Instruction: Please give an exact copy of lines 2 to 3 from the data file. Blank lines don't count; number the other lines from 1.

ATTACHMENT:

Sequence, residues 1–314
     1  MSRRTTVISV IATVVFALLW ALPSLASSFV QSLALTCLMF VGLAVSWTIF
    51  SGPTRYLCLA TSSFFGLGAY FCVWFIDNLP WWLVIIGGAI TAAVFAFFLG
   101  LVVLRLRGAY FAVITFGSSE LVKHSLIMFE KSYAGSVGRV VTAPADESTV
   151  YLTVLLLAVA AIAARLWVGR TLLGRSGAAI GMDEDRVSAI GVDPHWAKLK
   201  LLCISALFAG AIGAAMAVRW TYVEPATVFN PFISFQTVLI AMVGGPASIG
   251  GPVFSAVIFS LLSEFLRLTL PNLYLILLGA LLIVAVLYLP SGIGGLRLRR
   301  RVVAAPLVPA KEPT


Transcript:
     1  MSRRTTVISV IATVVFALLW ALPSLASSFV QSLALTCLMF VGLAVSWTIF
    51  SGPTRYLCLA TSSFFGLGAY FCVWFIDNLP WWLVIIGGAI TAAVFAFFLG